Step forward then one of the world’s greatest cheeses, Parmigiano Reggiano, or Parmesan in the anglophone world. Proper Parmesan, cut freshly from a great 35 kilo wheel and not, not, not the dusty grains shaken from a cardboard cylinder, has a firm yet fudgy texture, and a sweet aromatic flavour with notes of apple and tropical fruit, and a hint of burnt sugar. As much as this cheese is great on pasta, it should also be enjoyed on a cheeseboard with a glass of Prosecco whose sweet and fruity notes compliment those of the cheese.

Aged Parmesan cheese

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Cava and Manchego

Instead of the typical Champagne grapes, Chardonnay, Pinot Noir, and Pinot Meunier, Cava – named for the caves or cellars in which it was traditionally aged, is made from three native Spanish grapes, Macabeo, Parellada, and Xarel-lo. These grapes confer notes of tart green apple and lemon zest, a light toasty note is added from ageing in the bottle and the whole thing is rounded out beautifully with a light, creamy texture to the fizz.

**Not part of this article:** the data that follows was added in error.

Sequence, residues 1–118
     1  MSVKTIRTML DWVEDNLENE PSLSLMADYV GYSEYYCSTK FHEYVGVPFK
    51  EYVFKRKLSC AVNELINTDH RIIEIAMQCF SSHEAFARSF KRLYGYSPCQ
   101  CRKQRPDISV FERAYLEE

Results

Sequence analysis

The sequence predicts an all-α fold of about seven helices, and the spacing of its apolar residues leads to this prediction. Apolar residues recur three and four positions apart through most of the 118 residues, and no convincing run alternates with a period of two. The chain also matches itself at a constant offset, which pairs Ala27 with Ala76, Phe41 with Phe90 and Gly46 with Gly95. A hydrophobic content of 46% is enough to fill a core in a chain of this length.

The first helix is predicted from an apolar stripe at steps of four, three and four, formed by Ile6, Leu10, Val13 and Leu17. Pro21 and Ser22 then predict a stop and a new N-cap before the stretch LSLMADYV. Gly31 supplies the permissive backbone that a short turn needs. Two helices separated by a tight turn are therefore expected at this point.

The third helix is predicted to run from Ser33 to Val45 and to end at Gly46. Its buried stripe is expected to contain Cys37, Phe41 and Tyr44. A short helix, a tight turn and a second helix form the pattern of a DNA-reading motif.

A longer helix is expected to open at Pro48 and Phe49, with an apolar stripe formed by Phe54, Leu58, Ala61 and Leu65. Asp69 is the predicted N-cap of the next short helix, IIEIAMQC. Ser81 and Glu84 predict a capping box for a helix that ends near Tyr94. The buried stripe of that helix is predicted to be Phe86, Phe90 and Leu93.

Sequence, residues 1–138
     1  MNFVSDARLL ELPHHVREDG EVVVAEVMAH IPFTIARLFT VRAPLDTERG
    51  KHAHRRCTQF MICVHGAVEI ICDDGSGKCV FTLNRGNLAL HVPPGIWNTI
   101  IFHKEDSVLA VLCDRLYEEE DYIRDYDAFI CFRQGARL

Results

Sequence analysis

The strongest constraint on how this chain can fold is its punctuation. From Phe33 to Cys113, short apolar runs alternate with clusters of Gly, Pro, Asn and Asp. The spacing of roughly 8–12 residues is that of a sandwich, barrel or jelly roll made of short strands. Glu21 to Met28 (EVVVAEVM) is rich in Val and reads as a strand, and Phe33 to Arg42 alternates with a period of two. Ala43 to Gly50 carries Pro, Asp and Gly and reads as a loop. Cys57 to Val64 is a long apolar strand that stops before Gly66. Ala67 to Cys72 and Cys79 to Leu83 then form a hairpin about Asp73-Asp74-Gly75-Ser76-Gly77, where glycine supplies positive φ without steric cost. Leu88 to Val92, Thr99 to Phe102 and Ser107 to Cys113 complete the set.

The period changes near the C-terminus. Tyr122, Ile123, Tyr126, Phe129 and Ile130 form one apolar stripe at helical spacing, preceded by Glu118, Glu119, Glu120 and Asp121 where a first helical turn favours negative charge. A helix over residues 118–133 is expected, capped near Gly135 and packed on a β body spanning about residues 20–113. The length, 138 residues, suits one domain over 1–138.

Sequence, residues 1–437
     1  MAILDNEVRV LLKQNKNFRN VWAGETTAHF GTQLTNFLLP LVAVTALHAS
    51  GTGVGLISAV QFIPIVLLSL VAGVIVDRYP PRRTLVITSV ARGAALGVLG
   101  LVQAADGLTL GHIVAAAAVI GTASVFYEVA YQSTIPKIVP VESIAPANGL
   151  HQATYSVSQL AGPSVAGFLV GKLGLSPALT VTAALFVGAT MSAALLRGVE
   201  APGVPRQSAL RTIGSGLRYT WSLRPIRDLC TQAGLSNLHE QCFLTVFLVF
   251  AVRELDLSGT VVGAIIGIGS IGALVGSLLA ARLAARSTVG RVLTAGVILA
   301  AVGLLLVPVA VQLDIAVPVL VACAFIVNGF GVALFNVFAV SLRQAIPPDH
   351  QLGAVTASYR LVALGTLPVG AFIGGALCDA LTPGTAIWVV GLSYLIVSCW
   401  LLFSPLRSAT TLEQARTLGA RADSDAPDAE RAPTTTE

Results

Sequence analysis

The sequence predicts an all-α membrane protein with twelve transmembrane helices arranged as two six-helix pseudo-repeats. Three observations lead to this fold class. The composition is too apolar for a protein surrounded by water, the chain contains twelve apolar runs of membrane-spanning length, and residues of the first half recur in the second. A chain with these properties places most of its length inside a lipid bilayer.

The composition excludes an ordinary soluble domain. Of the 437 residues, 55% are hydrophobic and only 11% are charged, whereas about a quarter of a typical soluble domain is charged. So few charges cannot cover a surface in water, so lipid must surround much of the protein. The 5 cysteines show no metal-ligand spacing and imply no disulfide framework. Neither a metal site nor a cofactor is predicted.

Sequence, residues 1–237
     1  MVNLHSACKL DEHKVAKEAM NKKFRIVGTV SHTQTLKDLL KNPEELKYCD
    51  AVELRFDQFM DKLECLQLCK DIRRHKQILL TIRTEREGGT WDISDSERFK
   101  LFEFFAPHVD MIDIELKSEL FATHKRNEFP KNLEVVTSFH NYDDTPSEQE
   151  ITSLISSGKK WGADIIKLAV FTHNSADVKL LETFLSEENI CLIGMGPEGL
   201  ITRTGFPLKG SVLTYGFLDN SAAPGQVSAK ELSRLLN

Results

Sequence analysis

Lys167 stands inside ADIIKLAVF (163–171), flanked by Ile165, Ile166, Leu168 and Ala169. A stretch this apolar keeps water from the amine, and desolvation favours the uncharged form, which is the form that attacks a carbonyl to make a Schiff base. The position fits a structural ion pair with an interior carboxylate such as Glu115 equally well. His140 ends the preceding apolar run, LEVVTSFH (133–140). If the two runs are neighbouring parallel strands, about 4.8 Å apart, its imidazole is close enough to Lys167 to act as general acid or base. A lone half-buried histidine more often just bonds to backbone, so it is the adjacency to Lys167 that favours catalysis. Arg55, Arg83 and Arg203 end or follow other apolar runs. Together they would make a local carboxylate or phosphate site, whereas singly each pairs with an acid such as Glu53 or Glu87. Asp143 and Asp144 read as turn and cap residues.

We have not yet spoken about contrasting flavour, another key concept in matching wine and cheese, and for a quality Cava, an exciting contrast is provided in the form of that quintessentially Spanish cheese, Manchego. Like many hard sheep’s milk cheeses, Manchego can be startlingly sweet, with a sort of caramelised milk flavour like toffee. The tart citric notes in Cava are a lovely foil to this sweetness, accentuating and balancing them. A well-aged Manchego becomes more intense and can develop a spicy note, pleasingly balanced and a little calmed by the creamy texture of Spain’s very own distinctive sparkling wine.

Manchego

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English Sparkling Rosé and Goats Cheeses like Dorstone

The English have been making cheese for at least 6,000 years, and the knowledge that we are not all that bad at it is beginning to filter through to the rest of the world. Cheddar and Stilton have led the way, but there are by some counts at least 798 other English cheeses to try. One of my favourites is the delicately flavoured, mould ripened goat’s cheese Dorstone, made in Herefordshire. Like all goat’s milk cheese, a young Dorstone has a refreshing acidity that contrasts beautifully – you heard it here first – with raspberry jam.